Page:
We see abandonment of places built in the automobile mode or the steep decline of them. There is a coalescing of people into one or two modes of living. One is the traditional downtown with walkable neighborhoods in what planners like to call a mixed-use environment. The other would be a hyper suburb of elite wealthy people that put a firewall around themselves and stop the decline that way. That leaves a huge swath of America, the majority of what we have built, as financially frail and not viable for the long term. I think that’s where the majority of the stress and strain, the majority of the conversation, and the majority of our efforts as human beings needs to go into over the next generations. We need to figure out what to do with those places.
When we abandon central cities, we left behind poverty and despair in neighborhoods that were largely coherent. You could still go to a corner grocer and get food, you could still walk or bike or take transit to a job. When we leave poor people behind in suburban and exurban areas, we’re leaving poverty and despair in environments that are wholly despotic. That is going to be this generation’s challenge: how do we build places that leave as few people behind as possible.
I2: The perspective that “we’ve done it before, and we’re doing it again” seems like a good starting point for this dialog.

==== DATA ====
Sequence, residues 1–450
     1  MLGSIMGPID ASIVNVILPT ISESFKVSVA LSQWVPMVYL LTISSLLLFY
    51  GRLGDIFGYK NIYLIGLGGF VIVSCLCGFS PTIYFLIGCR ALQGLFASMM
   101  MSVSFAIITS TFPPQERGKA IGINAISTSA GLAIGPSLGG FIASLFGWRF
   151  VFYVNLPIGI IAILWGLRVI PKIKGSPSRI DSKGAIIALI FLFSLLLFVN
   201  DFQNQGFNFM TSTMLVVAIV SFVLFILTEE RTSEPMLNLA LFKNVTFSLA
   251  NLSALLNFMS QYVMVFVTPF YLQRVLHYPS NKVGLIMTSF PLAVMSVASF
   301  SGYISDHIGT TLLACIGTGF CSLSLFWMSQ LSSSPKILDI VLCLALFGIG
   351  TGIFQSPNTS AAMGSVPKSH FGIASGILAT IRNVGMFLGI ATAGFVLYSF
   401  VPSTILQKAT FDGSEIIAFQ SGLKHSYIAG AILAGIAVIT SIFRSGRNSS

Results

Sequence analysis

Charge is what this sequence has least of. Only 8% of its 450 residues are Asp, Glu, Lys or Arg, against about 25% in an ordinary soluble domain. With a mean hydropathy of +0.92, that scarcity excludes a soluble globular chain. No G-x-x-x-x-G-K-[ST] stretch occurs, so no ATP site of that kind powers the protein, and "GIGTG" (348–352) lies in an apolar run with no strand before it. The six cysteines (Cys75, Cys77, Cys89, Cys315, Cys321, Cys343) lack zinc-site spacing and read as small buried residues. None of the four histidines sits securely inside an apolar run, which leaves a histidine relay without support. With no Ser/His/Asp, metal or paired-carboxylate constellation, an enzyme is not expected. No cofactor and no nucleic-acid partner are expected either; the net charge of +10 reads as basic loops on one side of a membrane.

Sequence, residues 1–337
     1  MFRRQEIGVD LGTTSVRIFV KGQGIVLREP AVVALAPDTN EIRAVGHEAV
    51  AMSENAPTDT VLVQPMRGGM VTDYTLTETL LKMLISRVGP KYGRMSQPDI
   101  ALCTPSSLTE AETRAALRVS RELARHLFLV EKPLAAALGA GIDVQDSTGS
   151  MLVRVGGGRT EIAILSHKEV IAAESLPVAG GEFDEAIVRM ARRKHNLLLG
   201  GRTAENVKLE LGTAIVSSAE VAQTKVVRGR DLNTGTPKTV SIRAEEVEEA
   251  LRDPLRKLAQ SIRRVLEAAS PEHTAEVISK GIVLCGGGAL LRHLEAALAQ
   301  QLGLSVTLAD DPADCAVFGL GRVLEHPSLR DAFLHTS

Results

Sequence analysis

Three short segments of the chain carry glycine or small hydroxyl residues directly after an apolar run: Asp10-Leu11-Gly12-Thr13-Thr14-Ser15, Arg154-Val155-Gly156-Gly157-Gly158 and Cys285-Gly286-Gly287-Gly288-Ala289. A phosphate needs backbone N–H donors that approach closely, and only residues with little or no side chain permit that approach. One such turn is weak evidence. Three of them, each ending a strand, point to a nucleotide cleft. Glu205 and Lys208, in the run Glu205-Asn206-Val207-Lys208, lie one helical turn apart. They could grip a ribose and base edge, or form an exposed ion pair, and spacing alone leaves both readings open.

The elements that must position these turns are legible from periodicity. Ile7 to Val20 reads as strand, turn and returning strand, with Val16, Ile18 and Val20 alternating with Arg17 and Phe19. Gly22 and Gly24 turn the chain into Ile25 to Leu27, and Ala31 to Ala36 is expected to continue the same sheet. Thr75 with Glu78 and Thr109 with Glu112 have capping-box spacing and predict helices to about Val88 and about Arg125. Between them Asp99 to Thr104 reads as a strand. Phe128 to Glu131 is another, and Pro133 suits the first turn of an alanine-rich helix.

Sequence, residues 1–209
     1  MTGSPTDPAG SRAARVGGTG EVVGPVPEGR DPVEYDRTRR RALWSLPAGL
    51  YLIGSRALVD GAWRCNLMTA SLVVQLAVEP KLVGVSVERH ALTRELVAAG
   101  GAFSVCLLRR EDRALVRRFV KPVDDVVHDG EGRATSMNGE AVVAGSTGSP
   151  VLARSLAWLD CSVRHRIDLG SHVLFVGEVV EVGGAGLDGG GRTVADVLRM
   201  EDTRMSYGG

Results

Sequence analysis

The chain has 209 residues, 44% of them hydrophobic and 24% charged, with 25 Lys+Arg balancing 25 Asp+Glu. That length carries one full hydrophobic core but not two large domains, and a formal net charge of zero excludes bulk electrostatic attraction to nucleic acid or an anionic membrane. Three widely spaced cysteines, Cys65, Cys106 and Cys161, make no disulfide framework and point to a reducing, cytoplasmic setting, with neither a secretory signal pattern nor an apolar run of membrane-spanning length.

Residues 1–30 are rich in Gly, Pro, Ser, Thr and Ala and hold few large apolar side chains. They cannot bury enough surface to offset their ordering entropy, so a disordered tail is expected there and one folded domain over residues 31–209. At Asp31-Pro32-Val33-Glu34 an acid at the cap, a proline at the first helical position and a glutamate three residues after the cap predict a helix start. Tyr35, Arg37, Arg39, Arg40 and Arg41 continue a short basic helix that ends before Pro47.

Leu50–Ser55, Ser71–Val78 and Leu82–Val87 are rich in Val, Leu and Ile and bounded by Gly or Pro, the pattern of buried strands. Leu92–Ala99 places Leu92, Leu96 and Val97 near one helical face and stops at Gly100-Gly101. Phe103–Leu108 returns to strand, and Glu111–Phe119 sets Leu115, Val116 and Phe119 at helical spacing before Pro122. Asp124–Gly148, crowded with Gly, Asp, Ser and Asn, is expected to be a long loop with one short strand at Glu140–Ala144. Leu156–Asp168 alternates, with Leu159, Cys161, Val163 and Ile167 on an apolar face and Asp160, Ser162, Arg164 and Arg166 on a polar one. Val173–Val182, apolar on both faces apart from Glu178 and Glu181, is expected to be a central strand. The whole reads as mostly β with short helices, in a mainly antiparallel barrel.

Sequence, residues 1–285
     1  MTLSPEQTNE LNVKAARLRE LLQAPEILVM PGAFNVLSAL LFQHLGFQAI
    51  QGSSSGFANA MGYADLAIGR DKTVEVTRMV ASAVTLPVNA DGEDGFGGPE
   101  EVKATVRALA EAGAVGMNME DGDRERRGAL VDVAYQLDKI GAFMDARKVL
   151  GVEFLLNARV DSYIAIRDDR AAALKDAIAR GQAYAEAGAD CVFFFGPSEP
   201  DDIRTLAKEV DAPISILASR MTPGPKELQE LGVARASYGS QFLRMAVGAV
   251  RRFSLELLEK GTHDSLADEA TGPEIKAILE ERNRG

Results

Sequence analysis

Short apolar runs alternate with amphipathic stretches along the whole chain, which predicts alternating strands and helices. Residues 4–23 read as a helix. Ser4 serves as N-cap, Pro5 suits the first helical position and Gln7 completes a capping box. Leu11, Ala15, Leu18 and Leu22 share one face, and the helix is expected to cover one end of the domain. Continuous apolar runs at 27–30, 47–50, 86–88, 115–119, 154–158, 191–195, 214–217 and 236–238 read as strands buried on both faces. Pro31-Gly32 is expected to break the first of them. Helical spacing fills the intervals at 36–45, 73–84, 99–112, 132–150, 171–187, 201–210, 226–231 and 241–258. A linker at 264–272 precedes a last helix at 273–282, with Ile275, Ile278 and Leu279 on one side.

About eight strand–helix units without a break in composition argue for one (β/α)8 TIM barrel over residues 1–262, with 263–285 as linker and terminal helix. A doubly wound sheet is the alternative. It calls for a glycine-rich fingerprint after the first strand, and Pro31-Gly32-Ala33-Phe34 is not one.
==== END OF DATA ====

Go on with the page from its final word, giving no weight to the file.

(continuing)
Marohn: People have a hard time grasping that we’re walking away from a suburb or a strip mall. We have done this before, and we did it in neighborhoods where people had lived for generations. You start to realize that it’s possible, and you understand that if you don’t have the money to maintain it, you won’t maintain it. It starts to have an impact that is real.
A lot of people look at Detroit as an anomaly. To me, Detroit is simply destiny for most American cities. They got started doing what we all are doing earlier than we did. They did it more aggressively, and they’ve arrived at the logical destination before the rest of us. I think we can learn a lot of lessons from Detroit and change our trajectory now in a lot of cities to avoid some of the worst of what has happened there. I think we’re all going to be dealing with contraction to one degree or another in the coming generations.
I2: We’ve chatted a bit about buzzwords, and one that is gaining momentum is resilience. I wonder about your feeling about that and in terms of our ability to engineer and plan for it, and does it get us to a practical dialog?